Telstra has unveiled an upgrade to its Next G mobile high-speed data network that it claims has delivered download speeds of up to 2.3Mbps at a range of 200km.
The Next G network, which is based on technology from the Swedish communications technology company Ericsson, was originally designed to cover distances of up to 50km from each base station. The extended distances were not originally slated to be introduced until the end of this year, and have been achieved by implementing Ericsson's Extended Reach software at selected base stations. Both parties have touted the performance as a world first.
Telstra's executive director of wireless engineering and optimisation, Mike Wright, said further optimisation work will take place through 2007, in the hope that by next year the network will live up to Telstra's undertaking that it will perform as well as or better than the CDMA network it replaces.
A small number of high mountaintop sites have already been activated, with around 40 to be switched on later this week. The upgraded sites have a maximum download speed of 14.4Mbps, but at much shorter distances.
Locations for the new service range from the mountainous areas of central New South Wales and Victoria to the North West coast of Western Australia. Wright said the sites were selected to further extend the existing reach of the Next G network, and will also benefit coastal shipping and oil rig workers, and even some aviation users. He said any device will work over the extended distance, if set up in the right signal environment with the right antenna configuration.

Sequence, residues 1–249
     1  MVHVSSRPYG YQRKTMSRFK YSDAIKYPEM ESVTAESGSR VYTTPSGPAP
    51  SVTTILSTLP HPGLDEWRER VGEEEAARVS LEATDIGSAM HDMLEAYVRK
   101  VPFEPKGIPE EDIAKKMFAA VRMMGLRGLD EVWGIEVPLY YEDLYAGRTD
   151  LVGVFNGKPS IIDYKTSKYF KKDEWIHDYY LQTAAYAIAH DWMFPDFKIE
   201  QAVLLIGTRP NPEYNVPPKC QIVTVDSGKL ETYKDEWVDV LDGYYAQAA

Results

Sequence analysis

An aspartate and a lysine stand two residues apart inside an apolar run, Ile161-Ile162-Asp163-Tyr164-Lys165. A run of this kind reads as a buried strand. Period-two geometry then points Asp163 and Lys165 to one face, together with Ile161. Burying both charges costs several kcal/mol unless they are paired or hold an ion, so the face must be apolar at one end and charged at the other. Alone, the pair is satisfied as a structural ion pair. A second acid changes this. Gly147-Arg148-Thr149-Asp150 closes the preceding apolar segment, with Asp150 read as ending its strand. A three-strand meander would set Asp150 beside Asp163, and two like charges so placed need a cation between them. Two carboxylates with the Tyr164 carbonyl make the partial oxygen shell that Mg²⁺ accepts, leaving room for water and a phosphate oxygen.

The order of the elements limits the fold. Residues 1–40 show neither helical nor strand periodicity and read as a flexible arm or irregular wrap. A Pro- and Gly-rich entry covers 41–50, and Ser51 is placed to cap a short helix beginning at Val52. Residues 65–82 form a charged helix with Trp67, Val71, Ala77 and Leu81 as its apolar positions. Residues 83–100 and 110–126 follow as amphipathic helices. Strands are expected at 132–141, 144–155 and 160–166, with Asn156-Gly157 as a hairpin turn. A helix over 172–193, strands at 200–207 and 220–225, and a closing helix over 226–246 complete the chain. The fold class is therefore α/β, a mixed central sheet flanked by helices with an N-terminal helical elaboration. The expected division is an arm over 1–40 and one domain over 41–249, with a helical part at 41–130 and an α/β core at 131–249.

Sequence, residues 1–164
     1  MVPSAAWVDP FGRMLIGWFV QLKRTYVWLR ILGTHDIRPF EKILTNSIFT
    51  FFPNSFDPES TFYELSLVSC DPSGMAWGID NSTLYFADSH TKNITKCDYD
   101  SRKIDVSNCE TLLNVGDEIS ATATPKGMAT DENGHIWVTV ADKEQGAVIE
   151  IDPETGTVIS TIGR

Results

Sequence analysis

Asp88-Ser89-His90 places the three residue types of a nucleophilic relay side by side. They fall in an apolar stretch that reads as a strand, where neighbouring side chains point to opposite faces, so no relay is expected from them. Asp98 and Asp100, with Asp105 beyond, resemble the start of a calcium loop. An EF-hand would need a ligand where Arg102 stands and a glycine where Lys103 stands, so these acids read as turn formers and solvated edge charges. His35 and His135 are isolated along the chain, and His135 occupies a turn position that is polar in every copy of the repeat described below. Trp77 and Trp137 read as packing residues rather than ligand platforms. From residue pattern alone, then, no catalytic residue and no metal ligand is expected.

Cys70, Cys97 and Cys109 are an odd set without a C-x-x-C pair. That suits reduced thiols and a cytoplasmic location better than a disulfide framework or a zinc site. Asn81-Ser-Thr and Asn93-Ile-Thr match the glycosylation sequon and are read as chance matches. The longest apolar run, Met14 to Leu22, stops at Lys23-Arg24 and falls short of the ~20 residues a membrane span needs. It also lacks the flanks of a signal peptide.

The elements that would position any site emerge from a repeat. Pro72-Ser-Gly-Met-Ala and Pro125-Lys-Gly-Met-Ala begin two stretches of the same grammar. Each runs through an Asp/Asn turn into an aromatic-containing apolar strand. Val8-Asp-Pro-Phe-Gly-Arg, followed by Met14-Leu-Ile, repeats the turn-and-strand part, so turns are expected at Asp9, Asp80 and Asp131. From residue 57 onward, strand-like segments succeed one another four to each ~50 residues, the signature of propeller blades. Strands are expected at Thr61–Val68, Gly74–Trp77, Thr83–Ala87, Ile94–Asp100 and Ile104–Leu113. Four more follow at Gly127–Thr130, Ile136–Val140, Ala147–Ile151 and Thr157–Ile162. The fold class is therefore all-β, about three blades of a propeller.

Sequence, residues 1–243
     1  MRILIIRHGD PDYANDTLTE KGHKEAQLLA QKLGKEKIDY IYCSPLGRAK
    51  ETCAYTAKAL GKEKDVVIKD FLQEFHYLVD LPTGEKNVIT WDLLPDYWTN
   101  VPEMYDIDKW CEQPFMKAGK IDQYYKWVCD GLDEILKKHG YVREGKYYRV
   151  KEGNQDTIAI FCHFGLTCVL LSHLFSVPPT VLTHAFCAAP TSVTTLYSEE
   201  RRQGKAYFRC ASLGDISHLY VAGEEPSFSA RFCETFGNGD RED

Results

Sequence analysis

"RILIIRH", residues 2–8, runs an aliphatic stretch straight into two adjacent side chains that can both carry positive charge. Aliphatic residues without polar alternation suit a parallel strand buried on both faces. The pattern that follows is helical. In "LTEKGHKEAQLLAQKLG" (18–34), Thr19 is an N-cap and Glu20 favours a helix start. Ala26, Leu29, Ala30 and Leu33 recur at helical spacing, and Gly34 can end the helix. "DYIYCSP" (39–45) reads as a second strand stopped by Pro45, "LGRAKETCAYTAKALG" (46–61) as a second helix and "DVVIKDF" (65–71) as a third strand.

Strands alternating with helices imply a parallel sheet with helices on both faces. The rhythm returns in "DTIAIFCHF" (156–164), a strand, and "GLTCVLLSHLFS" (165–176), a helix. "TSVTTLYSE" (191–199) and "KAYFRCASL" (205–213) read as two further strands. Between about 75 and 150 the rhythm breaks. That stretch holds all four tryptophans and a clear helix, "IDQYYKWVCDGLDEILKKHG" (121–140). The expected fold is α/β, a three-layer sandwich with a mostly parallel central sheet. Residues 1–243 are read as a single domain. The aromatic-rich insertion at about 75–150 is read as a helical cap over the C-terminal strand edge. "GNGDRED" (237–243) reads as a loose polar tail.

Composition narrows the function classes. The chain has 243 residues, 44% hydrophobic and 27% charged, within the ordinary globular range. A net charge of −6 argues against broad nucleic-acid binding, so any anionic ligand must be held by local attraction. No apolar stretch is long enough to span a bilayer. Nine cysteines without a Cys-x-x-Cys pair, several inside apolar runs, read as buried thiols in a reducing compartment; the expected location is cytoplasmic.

-Now we can not only offer a voice service over those distances, we can also offer broadband services," Wright claimed. -We'll monitor customer performance, and if we find an opportunity, we will continue to optimise the network."
He added that Telstra contributed detailed requirements and experience to the project, but declined to say whether the carrier had retained any of the intellectual property from the trial. The requirements saw Ericsson undertake extensive modifications to its software, although these were agreed when targets for the new network were set in late 2005.
Brad Howarth travelled to Barcelona as a guest of Ericsson.